iStock_000003981161XSmallContribution cap to remain at $25,000 for everyone regardless of age or balance until 2014

The decision not to raise the concessional contribution beyond $25,000 from 1 July 2012 for individuals over 50 is disappointing and will make it harder for most people approaching retirement, or individuals with broken working patterns, to adequately save for retirement. It is worth remembering that the concessional cap for individuals over 50 was initially $100,000 when the caps first commenced on 1 July 2007.

30% contributions tax

For those earning over $300,000 p.a., contributions will be taxed at 30% as opposed to the current 15%.

Education Expenses

Rather than keeping your receipts and claiming education expenses at tax time, the government has announced that those in receipt of Family Tax Benefit Part A will receive the Education Refund automatically, $410 for each primary school child and $820 for each secondary school child.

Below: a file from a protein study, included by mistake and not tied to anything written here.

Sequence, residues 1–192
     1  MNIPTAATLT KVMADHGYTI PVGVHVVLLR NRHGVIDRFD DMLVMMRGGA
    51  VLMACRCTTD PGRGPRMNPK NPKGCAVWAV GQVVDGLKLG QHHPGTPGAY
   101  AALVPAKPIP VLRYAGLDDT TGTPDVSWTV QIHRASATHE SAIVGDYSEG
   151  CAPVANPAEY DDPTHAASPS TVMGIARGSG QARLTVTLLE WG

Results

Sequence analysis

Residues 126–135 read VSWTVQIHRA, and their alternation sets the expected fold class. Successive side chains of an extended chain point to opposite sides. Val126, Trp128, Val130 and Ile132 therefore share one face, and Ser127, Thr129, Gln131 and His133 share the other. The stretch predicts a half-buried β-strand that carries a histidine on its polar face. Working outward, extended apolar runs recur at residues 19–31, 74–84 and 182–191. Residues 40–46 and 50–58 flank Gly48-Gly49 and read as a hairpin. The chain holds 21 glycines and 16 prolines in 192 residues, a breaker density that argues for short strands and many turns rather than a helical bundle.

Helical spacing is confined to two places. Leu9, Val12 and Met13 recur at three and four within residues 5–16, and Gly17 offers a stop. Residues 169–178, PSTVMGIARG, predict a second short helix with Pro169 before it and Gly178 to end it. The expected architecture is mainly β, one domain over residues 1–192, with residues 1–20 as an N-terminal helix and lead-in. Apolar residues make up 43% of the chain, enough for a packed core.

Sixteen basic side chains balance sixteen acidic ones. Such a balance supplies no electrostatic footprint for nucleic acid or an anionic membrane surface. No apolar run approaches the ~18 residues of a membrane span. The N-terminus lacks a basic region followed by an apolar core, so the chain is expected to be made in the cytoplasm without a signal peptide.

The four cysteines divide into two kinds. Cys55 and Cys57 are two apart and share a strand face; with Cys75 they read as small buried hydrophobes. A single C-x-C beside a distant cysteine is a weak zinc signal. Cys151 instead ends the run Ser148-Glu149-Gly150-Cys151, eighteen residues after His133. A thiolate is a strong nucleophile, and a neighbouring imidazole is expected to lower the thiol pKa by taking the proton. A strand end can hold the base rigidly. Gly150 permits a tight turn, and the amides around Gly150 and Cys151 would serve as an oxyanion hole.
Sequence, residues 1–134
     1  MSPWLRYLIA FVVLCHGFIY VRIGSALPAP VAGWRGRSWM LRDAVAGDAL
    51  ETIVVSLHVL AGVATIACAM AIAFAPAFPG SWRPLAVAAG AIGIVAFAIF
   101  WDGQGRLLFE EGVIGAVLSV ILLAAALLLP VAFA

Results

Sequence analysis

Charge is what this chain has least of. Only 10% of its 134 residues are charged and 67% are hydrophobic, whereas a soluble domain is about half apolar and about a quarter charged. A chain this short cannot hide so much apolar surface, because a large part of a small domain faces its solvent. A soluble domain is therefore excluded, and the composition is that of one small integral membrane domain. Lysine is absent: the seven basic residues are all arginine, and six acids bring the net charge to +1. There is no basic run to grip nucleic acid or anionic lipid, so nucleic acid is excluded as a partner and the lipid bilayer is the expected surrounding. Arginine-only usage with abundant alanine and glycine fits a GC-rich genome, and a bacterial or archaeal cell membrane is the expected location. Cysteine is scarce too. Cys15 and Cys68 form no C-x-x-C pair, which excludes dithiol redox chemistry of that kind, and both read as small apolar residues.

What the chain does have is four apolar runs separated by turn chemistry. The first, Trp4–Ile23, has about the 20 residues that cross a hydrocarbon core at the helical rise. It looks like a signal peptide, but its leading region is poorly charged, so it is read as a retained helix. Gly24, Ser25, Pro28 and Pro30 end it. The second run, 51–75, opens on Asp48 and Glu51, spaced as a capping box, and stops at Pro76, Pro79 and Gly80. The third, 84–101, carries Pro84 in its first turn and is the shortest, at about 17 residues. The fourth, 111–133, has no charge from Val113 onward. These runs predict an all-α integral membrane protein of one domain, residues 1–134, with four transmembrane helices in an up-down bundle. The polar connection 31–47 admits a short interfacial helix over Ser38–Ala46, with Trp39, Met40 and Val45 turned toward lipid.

A word of warning, as this is not yet legislated, we recommend keeping existing receipts until this is passed.
For those of you who are clients and are affected by these changes, your financial adviser will be speaking with you over the coming weeks.
In the meantime, if you have any questions about how the 2012 Budget will affect you in your specific circumstances, please contact us.
Please note, this information was current at the time this article was published. Check in with us to get an up-to-date picture by booking a free, no obligation consultation with one of our experienced financial advisers. Schedule your consultation today.
2018-01-22T08:14:37+00:00 May 23rd, 2012|